My thoughts kept drifting back to Fallout this past week while playing Metro Exodus, the third installment in a series of games about people living in Moscow’s subway after a nuclear doomsday covers the city in fatal levels of radiation. The first two games followed the journey of Artyom, a citizen of the underground society who gets caught up in wars between the underground factions that have cropped up over the years, including a “Fourth Riech” and the various remnants of Russia’s government. If you weren’t navigating tunnels filled with Nazis that wanted to slit your throat, you were on the surface, wandering the streets of the city fending off predatory mutants. The third game, Exodus, takes Artyom and a group of loved ones across the open terrain of Russia in a train as they search for a new life, hopefully escaping the darkness of the metro at last.

What I’ve always loved about Metro is its commitment to its fiction, keeping true to the tone of its setting as well as supporting that fiction through novel gameplay mechanics. In the first two games, bullets are not just ammo but also function as currency, letting you trade them for weapons or precious health kits. This means you have to approach every combat encounter carefully. Can you really afford to go gung-ho when every bullet in your arsenal is literally a dollar? You also have to maintain your radiation-blocking gas mask with filters that deteriorate over time, meaning you’re constantly searching them out in the darkest parts of tunnels or trading for them. If your gas mask gets damaged, you have to manually tape over the crack in a darkly humorous display of DIYism. As Metro takes place in dark tunnels, you also have a headlamp you have to charge constantly as you proceed through the first two games.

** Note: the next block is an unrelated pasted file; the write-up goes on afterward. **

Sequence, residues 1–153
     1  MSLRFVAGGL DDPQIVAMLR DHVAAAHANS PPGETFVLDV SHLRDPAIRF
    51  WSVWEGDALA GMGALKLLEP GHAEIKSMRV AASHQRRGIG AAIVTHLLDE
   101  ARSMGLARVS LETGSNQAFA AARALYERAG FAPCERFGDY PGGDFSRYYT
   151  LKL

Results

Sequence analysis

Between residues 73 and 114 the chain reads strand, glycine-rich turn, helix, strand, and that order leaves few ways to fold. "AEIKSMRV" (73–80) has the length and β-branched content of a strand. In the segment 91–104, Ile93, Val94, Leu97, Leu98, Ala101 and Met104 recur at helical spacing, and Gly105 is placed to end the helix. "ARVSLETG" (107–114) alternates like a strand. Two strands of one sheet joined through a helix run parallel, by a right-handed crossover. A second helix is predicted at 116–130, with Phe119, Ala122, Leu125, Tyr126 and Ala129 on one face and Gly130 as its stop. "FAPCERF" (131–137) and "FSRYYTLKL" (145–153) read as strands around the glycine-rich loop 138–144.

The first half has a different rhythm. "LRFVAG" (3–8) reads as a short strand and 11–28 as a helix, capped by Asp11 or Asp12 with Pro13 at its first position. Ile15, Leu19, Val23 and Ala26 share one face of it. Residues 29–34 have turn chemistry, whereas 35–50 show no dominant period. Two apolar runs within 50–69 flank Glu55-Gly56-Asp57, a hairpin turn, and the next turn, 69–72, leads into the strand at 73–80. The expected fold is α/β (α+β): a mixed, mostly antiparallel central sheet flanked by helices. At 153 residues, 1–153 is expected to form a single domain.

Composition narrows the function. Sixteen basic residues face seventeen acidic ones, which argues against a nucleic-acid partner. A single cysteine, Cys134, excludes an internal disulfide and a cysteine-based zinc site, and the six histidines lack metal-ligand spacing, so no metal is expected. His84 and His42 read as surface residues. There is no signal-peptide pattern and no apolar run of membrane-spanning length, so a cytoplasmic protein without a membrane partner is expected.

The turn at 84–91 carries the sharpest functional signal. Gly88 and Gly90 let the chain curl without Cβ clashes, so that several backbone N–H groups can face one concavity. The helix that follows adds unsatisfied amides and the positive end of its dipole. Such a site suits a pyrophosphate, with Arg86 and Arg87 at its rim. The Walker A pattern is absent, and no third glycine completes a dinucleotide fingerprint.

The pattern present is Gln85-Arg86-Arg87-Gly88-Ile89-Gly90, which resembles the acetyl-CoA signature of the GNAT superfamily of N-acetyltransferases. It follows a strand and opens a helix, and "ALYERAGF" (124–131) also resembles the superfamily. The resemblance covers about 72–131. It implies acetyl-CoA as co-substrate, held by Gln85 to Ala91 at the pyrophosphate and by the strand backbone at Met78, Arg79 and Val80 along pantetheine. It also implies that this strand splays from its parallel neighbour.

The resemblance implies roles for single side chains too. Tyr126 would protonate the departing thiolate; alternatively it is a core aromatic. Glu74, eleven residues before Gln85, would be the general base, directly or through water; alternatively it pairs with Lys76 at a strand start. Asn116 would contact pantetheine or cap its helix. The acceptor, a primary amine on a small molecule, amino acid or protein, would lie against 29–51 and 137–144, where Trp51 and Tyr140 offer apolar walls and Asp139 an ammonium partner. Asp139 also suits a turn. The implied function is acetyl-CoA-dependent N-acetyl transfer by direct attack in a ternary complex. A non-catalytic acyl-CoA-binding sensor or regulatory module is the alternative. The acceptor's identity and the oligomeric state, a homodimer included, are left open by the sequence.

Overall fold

A lot of this might sound like a chore. However, Metro’s flirtations with realism result in something tense and fascinating. Some of the fondest moments in gaming I’ve had over the past few years have occurred in Metro’s tunnels, where I crawled through ventilation shafts and stepped through corpse-strewed stations with only a few throwing knives, a broken mask, and a pistol with two rounds in it to keep me alive. The tension is palpable, especially when your headlamp starts to flicker and you have to render yourself defenseless to recharge it for a few seconds.

Metro’s approach to presenting its version of the apocalypse through narrative is equally as fascinating as the gameplay. Though Fallout, Rage, and its ilk have conversational NPCs in order to inject personality into a dead world, a lot of them are surprisingly stationary or move and stick to their schedules in slightly robotic fashion (like the inhabitants of Fallout 3’s Rivet City, always either sleeping in their bunks or taking up their post in the market). However, Metro’s embrace of Half-Life’s “Make The Player The Camera” storytelling tenants goes a long way in making me feel a part of that world.